After VIVUS's (Nasdaq: VVUS) Qnexa and Arena Pharmaceuticals' (Nasdaq: ARNA) lorcaserin went down swinging, it seemed like Orexigen's (Nasdaq: OREX) obesity drug Contrave was doomed to end the inning. Instead, the company got a solid base hit yesterday, with a 13-to-7 positive recommendation from a Food and Drug Administration advisory panel.

Whether Contrave actually scores any success remains to be seen. The FDA itself has the final say on whether the drug will gain approval, and the agency has ruled what appeared to be home runs at the advisory-board level as foul balls after further review.

The panel also voted 11-8 that the company should do a post-marketing safety study to ensure that the cardiovascular side effects don't outweigh the benefits. My take from the panelists' explanations of their votes was that many of the 11 wanted a preapproval study, but felt that moving the fence and requiring such a large study prior to approval would discourage the development of Contrave and other obesity drugs.

While I applaud their gumption and think they're right, I'm not convinced that the FDA shares their thinking. The agency's top concern these days is safety, and it appears that the FDA could care less if that makes it hard to get a drug approved. Witness the new requirement that Amylin Pharmaceuticals (Nasdaq: AMLN) and Eli Lilly (NYSE: LLY) now have to run a thorough QT study on their diabetes drug Bydureon, even though that didn't seem to be a requirement the first time the FDA reviewed the drug.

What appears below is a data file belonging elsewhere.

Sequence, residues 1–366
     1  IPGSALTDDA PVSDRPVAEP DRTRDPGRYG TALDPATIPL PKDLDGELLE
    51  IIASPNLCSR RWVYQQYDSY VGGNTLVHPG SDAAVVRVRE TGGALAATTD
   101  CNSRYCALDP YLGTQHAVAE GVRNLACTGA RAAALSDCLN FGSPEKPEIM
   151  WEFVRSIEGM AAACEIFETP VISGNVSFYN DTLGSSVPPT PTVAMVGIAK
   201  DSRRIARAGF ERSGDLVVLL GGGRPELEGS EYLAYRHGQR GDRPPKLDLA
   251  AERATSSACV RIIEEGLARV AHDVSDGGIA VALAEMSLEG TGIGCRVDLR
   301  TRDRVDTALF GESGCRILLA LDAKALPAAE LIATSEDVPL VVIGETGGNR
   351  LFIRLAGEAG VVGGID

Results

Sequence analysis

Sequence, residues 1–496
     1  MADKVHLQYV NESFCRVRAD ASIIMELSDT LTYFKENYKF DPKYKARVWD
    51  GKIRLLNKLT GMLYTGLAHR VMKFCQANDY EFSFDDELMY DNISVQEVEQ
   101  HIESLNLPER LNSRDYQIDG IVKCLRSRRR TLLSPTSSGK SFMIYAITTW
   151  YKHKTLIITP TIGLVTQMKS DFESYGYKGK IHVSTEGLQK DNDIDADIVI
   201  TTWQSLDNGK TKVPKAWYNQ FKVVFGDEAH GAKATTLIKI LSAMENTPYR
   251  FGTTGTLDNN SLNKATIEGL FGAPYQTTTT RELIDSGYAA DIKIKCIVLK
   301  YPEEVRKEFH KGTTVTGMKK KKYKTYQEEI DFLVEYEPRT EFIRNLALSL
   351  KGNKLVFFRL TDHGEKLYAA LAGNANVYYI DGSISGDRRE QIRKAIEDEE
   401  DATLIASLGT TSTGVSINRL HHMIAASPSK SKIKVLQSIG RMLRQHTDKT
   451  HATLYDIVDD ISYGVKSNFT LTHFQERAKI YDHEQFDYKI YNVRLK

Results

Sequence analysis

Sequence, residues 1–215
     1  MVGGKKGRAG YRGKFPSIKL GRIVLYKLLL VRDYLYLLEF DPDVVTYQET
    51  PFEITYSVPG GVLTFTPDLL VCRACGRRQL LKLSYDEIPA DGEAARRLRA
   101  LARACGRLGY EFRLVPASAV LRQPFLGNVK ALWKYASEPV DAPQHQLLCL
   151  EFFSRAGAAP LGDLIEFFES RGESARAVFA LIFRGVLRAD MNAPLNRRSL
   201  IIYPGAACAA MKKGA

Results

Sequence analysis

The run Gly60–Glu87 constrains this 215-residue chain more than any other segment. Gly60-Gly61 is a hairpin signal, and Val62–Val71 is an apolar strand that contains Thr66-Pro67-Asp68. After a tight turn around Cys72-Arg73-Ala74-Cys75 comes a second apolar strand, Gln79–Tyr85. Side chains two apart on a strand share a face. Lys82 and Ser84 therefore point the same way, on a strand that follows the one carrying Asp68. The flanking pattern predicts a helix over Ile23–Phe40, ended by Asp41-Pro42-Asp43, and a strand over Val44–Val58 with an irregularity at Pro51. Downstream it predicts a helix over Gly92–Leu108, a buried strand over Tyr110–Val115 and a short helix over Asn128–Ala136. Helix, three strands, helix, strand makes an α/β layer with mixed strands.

Orexigen more than doubled today, but it's still only a $450 million company. There's still plenty of upside from here if Contrave is actually approved, because investors aren't completely convinced of what the FDA will do. For instance, on the options exchanges, the April $10 calls and puts are both trading at around $3 each, implying a huge amount of uncertainty and potential volatility in the next four months.

If you wanted to set up an options straddle to try to profit whichever way the FDA decision went, you'd have to spend about $6, or 60% of the current value! In other words, making the straddle purchase would require the stock to get back down below $4 or above $16 before you would profit. Clearly, investors think both are possible.

The Contrave ball is still up in the air, but where it'll land is anyone's guess.

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